Railroad Holdups Frustrate Drivers, Pedestrians and Cyclists

By Nancy Tannler

Portland is set to receive $500,000 in federal grant money that will be used to solve some of the railroad crossing issues in inner SE Portland. This money comes from a $570 million grant to the Federal Railroad Administration as part of the Infrastructure Investment and Jobs Act.
The grant became a reality thanks to Representative Suzanne Bonamici and the persistence of the SE Portland Railroad Action Group, made up of members of the Central Eastside Industrial Council and Hosford-Abernethy and Brooklyn Neighborhood Associations. The action group began raising awareness a few years ago with a petition asking the Portland Bureau of Transportation (PBOT) to address the frequent train blockages that trap drivers and cyclists waiting to cross the lines.
In 2021 Union Pacific changed their operations by tripling the length of their trains. Now the average train can be 9,000-15,000 feet long, equivalent to 1.8-2.8 miles. There are 15 crossings along the rail line through inner SE Portland. They are often blocked while the trains wait to be decoupled and unloaded. Wait times have been clocked anywhere from 45 minutes to an hour and a half.
The scope of this problem does not happen in most other large cities. It happens here due in part to the size of the Brooklyn Rail Yard, which is only 4,200 feet long. The numbers make it plain to see that the infrastructure at Brooklyn Rail Yard was not ready for these longer trains. Segments of the train have to be uncoupled and moved to side racks while they are being unloaded, causing the intersections to be blocked for long periods of time.
Motorists, pedestrians and cyclists all get frustrated waiting. Sometimes they try to out-maneuver the trains by going down the street the wrong way, speeding through nearby neighborhoods. Pedestrians and cyclists have been known to cut in front of or through stopped trains.
PBOT, TriMet, the city, Union Pacific, neighbors and businesses are all weighing in on the problems the freight trains are causing. It is imperative for its health that the city improve the flow of traffic at these crossings by decreasing carbon emissions from idling cars and the fine and ultra-fine particulates spewed into the atmosphere by diesel trains. This is one of the worst areas in Portland for particulate in the air.
Hannah Schafer, PBOT Communications, said the grant money will be used to begin the study to determine what rail crossings are the worst, how to solve the problems and how much it will cost. With the city budget is already stretched thin, Schafer assumes they will need to apply to the federal government for more funds.
Bill Burgel, an engineer who worked in the railroad industry for 45 years, put together a PowerPoint presentation that offers some experienced solutions to the problem. Burgel suggests the easiest thing to fix is the elevator at the Bob Stacy Bike/Pedestrian crossing over the rail tracks near the Clinton St./SE 12th Ave. MAX Station for pedestrians and cyclists. There are 120 stairs to climb making it difficult for most bikers to carry their bikes over it. PBOT’s Dylan Rivera said it has been hard to keep the outdoor elevator working but they are attempting to fix it.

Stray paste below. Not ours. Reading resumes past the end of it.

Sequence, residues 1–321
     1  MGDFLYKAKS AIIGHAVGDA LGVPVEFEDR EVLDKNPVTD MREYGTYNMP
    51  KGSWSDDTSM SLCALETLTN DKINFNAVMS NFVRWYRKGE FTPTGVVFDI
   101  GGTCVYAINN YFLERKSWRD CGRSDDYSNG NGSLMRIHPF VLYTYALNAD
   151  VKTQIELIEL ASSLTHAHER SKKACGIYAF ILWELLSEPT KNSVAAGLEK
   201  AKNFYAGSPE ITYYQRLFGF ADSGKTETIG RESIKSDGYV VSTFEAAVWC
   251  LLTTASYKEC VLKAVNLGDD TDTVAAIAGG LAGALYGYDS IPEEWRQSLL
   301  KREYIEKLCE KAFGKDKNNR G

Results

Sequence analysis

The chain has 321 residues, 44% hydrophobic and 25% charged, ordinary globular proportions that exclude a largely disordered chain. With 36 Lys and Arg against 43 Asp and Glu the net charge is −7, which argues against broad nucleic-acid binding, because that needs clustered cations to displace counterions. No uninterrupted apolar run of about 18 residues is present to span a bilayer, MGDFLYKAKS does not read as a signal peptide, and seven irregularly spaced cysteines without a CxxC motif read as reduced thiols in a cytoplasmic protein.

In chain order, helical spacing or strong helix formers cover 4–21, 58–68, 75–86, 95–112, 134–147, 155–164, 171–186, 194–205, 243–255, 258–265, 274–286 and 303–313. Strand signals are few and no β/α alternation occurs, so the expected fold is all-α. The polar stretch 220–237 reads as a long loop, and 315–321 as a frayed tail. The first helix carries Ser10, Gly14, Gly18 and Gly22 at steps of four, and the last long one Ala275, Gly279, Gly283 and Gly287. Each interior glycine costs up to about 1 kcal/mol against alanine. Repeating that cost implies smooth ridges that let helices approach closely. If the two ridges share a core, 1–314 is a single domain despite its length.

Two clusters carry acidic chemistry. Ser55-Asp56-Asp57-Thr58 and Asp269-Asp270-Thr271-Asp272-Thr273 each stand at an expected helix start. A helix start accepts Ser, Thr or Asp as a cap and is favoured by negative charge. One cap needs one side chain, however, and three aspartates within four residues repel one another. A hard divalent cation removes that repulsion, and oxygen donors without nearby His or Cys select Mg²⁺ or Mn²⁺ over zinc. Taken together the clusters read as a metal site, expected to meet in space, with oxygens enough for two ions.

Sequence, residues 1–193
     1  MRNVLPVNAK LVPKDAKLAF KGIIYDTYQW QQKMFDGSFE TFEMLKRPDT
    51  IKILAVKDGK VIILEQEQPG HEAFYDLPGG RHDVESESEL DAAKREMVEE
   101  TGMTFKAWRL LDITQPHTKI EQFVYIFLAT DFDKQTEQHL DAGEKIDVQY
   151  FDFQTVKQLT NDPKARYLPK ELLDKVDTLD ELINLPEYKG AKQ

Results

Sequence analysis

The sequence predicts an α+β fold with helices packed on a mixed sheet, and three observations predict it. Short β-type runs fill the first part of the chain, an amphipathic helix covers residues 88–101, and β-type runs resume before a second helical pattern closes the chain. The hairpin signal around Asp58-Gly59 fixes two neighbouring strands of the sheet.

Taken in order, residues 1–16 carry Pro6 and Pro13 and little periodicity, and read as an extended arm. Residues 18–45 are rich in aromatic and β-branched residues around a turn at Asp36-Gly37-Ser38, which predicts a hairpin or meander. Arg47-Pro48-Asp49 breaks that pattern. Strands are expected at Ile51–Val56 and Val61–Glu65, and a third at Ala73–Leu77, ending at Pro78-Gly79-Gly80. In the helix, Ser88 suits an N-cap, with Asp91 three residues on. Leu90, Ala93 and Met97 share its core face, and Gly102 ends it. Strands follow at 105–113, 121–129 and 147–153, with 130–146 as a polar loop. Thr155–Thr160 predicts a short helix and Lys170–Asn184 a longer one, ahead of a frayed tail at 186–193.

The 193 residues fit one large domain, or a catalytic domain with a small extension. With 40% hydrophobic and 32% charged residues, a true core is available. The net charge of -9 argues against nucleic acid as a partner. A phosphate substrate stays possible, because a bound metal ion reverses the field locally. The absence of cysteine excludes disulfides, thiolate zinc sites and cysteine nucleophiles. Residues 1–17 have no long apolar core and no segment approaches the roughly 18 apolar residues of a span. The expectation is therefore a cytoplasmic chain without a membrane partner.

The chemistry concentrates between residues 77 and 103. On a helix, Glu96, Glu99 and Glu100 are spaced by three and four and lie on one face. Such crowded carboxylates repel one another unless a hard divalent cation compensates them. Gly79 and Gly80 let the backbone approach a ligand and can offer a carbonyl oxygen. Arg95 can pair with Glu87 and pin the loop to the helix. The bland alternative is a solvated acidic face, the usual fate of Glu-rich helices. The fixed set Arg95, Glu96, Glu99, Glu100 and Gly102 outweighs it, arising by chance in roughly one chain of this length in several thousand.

As for motorists, one suggested solution, estimated at less than $200,000, is to create an escape route for cars southbound on SE 11th Ave. to allow for a circle back to northbound SE 12th Ave. when the trains are stopped here. This would require the acquisition of a small portion of private property and the use of two lots (2637 and 2536) which are owned by the City of Portland.
Brooklyn Yard covers 110 acres with rail lines that extend from SE Haig St. to Willsburg Junction by the Milwaukie Expressway. Burgel’s presentation shows that it would be possible for Union Pacific to make improvements to these southern railroad extensions by creating holding lines that would allow Amtrak and Union Pacific trains to pass without as much congestion in Brooklyn Yard itself.
Another solution that has been in the works for a long time is to build an overpass at SE 7th Ave. by OMSI. Schafer said that overpasses are definitely a consideration, although they require many participants in the planning.
Currently TriMet owns a large lot at SE 7th Ave. Years ago the Federal Transportation Administration (FTA) provided funding for TriMet to purchase properties throughout the city. They foresaw the necessity of a grade separation over the railroad lines to keep buses flowing.
The SE Portland Railroad Action Group and members of the community are ready to present their findings to PBOT, but Schafer cautions that things won’t get underway until 2024 and then it will take about a year.
Inquiries can be directed to Zef Wagner, Senior Transportation Planner, at zef.wagner@portlandoregon.gov.

Southbound traffic on SE 11th Ave. stopped due to train blockage. Photo by Kris McDowell.

Railroad Holdups Frustrate Drivers, Pedestrians and Cyclists

1 thought on “Railroad Holdups Frustrate Drivers, Pedestrians and Cyclists”

  1. As a resident living on SE 12th Ave, I cannot emphasize enough how disruptive the train blockages at Clinton and 11th/12th are! Please, please, we need to fix this issue!!!

Leave a Comment

Your email address will not be published. Required fields are marked *

Scroll to Top